A noise rejecting electronic sphygmomanometer, in accordance with the invention, comprises a flexible cuff, adapted for fastening around a patient's limb, together with an inflatable bladder installed therein and means for monitoring pressure in the bladder. A first, blood-sound acoustical pickup and a second, noise acoustical pickup are installed in the cuff, the first pickup having a sound receiving portion being directed inwardly to be over a brachial artery to pick up Korotkoff sounds when the cuff is installed. The sound receiving portion of the second acoustical pickup is directed to pick up background noises, but not blood sound noises. Discriminating means are connected to the pickups for comparing electrical signals received therefrom. An output is caused to be at a first predetermined level when and only when there is strong assurance that the sounds picked up by the first pickup are Korotkoff sounds and not background noises, and is at a second level for all other sound conditions.
More particularly, an indicator is connected to the discriminating means output and is caused to give an indication only when the discriminating means output is at the first level; that is, when Korotkoff blood sounds are being picked up by the first microphone. In this manner, as pressure is released from the cuff bladder, an operator records, from a manometer, systolic blood pressure at the onset of the indications and records diastolic blood pressure at the cessation of the indications.
The discriminating means includes means for filtering out electrical signals from the two pickups, which may be microphones, other than those in a band for example about 5 Hz wide and centered about 90 Hz, a frequency representative of strong turn-on and turn-off blood sounds and not representative of common background noises. Within the discriminating means, the filtered signals are digitized and shaped into square waves which are fed into a discrimination circuit which compares signals from both microphones. The discriminator output is at the first level when there is a signal from the first microphone and no coincident signal from the second microphone, and is at the second level for all other signal conditions. The output of the discrimination circuit is integrated and then fed into a threshold detector, both of which cooperate to determine if any out-of-coincidence time is sufficiently great to provide an indication of blood sound, such time being predetermined to be about 50 milliseconds.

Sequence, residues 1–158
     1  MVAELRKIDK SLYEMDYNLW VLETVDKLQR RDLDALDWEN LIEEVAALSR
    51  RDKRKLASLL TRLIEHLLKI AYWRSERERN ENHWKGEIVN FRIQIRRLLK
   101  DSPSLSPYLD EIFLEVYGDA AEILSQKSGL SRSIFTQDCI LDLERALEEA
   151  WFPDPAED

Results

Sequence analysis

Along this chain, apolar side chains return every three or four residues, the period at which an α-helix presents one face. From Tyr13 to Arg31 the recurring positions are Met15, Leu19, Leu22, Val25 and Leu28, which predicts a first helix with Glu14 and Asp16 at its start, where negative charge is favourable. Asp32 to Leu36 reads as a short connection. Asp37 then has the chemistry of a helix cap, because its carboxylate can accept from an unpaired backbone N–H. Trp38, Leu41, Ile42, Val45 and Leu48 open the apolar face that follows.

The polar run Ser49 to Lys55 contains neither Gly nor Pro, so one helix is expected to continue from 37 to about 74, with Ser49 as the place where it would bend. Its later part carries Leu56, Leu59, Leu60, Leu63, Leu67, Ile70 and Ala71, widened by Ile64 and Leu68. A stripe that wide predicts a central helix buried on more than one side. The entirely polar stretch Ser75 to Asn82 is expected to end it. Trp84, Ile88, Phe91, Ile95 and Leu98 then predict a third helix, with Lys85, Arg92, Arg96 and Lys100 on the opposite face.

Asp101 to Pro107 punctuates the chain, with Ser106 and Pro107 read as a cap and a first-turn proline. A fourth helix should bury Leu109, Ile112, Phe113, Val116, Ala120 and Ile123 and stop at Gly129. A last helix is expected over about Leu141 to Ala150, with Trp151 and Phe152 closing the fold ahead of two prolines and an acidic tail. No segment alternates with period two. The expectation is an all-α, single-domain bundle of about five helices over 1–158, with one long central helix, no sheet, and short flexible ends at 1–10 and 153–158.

In a variation, according to one aspect of the invention, two pressure gauges are separately connected to the cuff bladder, the first through a normally open valve and the second through a normally closed valve. Circuitry causes the normally open valve to close, trapping pressure in the first gauge at the onset of the indications and causes the normally closed valve to momentarily open at each indication to admit pressure into the second gauge. When the indications cease, pressure is trapped in the second gauge. Systolic blood pressure is then read from the first gauge and diastolic blood pressure is read from the second gauge.
In another variation, according to a second aspect of the invention, indication is provided only when the ratio between the signal magnitude from the first (blood sound) microphone and that of the second (noise) microphone is greater than a predetermined level. To this end, filtered microphone signals are fed into a ratio circuit which controls operation of the indicator light.
Corresponding methods for measuring a patient's systolic and diastolic blood pressure are thereby provided.
A reliable apparatus and corresponding method for measuring a patient's systolic and diastolic blood pressure are provided which utilize, rather than a conventional stethoscope, a pair of microphones, one of which is directed to pick up blood sounds and the other of which is directed to pick up background noises. By comparing the output signals from both microphones, and rejecting all signals from the blood-sound microphone which may be caused by background noises, an indication is given only when there is a very strong assurance that Korotkoff blood sounds are actually being picked up. An operator is thus assured that the onset of the indications signals the onset of Korotkoff blood noises and that systolic blood pressure should be read at this point. A cessation of the indications informs the operator that the Korotkoff noises have stopped, and at this point the diastolic blood pressure is read. Also, means may be provided for automatically registering systolic and diastolic blood pressure on pressure gauges such that an operator need not watch for indications or make instantaneous readings from a pressure indicator.
A better understanding of the present invention may be had from a consideration of the following detailed description, taken in conjunction with the accompanying drawings, in which:
FIG. 1 is a perspective view, showing the sphygmomanometer apparatus of the present invention with the cuff unrolled;